To qualify for cyber insurance today, Schein emphasized the need to put in place 12 security controls that address very basic cyber security. These controls are “absolutely critical for businesses that are looking to apply for insurance and or increase the current limits that they currently have. And then from a coverage standpoint, we’ve spoken about carriers are now starting to scale back coverage. The market is starting to harden and you’re starting to see prices increasing.”
The first five controls, highlighted in orange, are essential before MMA will sit down with a prospective client, he said. The other seven controls also are crucial, but MMA will consider submitting an insurance policy to underwriters even if not every blue control is in place.
That said, cyber insurance carriers simply will not offer a policy if the prospect is not willing to put forth the effort to reduce their risk. “[Cyber insurance carriers] can’t charge enough to make up for poor [security] controls,” he said.
While brokers such as MMA have their own requirements to consider before submitting an insurance application to underwriters, it is the carriers for whom the underwriters work and who decide if an application is approved or not.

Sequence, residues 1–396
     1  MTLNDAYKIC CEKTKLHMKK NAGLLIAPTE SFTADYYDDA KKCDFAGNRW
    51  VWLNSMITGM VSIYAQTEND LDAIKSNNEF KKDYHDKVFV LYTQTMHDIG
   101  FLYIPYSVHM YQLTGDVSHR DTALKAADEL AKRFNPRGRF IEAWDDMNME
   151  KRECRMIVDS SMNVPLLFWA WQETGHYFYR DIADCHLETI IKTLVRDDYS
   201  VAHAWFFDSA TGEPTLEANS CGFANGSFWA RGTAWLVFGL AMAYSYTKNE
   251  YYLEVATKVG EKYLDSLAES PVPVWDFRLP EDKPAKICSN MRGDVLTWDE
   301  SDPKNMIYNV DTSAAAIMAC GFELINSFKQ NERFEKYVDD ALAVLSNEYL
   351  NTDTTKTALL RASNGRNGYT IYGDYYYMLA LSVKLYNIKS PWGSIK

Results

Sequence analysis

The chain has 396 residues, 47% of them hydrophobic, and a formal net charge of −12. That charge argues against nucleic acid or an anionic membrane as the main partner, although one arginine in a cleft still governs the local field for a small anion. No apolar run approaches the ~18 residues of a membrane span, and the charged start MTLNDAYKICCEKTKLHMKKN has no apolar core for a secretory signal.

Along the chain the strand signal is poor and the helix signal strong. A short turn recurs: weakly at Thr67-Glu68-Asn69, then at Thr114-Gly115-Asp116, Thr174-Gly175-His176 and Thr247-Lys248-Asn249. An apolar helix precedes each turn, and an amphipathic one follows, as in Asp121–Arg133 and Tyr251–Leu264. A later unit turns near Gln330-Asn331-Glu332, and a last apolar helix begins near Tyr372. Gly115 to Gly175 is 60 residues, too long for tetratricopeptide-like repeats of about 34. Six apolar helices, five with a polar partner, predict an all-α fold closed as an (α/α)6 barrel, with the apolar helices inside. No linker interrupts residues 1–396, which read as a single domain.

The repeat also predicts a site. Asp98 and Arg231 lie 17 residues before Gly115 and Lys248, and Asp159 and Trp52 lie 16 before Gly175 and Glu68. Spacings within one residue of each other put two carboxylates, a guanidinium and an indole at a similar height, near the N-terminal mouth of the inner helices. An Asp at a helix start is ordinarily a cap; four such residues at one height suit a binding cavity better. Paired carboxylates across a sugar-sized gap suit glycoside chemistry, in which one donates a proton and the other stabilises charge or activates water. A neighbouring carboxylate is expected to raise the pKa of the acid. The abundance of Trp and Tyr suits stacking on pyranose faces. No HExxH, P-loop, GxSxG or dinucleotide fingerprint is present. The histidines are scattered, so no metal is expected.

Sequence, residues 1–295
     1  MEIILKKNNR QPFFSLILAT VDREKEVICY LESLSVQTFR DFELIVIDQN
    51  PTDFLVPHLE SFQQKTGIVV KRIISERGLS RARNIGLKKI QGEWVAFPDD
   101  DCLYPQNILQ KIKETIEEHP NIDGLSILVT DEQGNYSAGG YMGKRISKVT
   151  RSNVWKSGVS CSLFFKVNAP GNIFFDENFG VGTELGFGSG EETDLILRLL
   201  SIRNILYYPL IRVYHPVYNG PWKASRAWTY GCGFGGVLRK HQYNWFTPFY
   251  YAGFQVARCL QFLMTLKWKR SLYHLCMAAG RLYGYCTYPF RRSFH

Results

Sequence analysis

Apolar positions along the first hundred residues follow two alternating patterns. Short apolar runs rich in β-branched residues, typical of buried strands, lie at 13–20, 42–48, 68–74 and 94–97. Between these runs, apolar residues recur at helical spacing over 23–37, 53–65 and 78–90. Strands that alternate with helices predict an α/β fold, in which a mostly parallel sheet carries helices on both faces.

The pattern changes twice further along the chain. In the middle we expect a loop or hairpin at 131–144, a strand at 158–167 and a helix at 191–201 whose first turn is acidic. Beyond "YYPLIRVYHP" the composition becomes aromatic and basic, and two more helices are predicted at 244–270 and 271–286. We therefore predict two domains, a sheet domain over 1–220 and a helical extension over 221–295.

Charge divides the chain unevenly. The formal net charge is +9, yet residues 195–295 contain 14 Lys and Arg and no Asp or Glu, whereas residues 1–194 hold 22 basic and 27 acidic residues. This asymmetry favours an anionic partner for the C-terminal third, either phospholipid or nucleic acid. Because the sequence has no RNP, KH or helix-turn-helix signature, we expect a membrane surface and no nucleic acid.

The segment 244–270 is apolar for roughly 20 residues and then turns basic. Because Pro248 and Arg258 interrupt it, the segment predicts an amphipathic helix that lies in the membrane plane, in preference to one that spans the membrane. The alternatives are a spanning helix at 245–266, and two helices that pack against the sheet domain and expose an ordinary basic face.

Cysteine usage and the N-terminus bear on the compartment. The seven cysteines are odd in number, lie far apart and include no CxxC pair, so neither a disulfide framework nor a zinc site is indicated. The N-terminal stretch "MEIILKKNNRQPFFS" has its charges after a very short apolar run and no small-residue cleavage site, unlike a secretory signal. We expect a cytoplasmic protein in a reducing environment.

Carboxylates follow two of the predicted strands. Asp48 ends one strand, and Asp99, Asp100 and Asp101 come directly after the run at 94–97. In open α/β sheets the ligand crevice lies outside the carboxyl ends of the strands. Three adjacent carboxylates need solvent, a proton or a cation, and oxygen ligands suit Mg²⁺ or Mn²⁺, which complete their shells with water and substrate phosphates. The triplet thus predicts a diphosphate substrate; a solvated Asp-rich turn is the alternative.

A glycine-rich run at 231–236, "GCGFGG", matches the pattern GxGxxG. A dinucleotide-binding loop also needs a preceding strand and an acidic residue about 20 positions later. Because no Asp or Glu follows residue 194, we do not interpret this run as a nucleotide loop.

Mosaic’s Tuplin said most insurers find that organizations seeking insurance are most concerned about business interruption first due to ransomware and then data breaches or misuse of data. In order to identify the appropriate policy for a prospective customer, Tuplin said Mosaic uses three core triggers to determine the coverage the cyber insurance policy offers.
The first trigger is security failure, which is the inability of your IT security to stop an event. An example of a security failure is a virus that stops your system from working correctly. Taking security failure to the next level, you come to the second trigger: system failure. An example of system failure is turning on your computer, but nothing happens at all, he said. The third trigger, which formerly was part of system failure but now is a discrete trigger, is ransomware.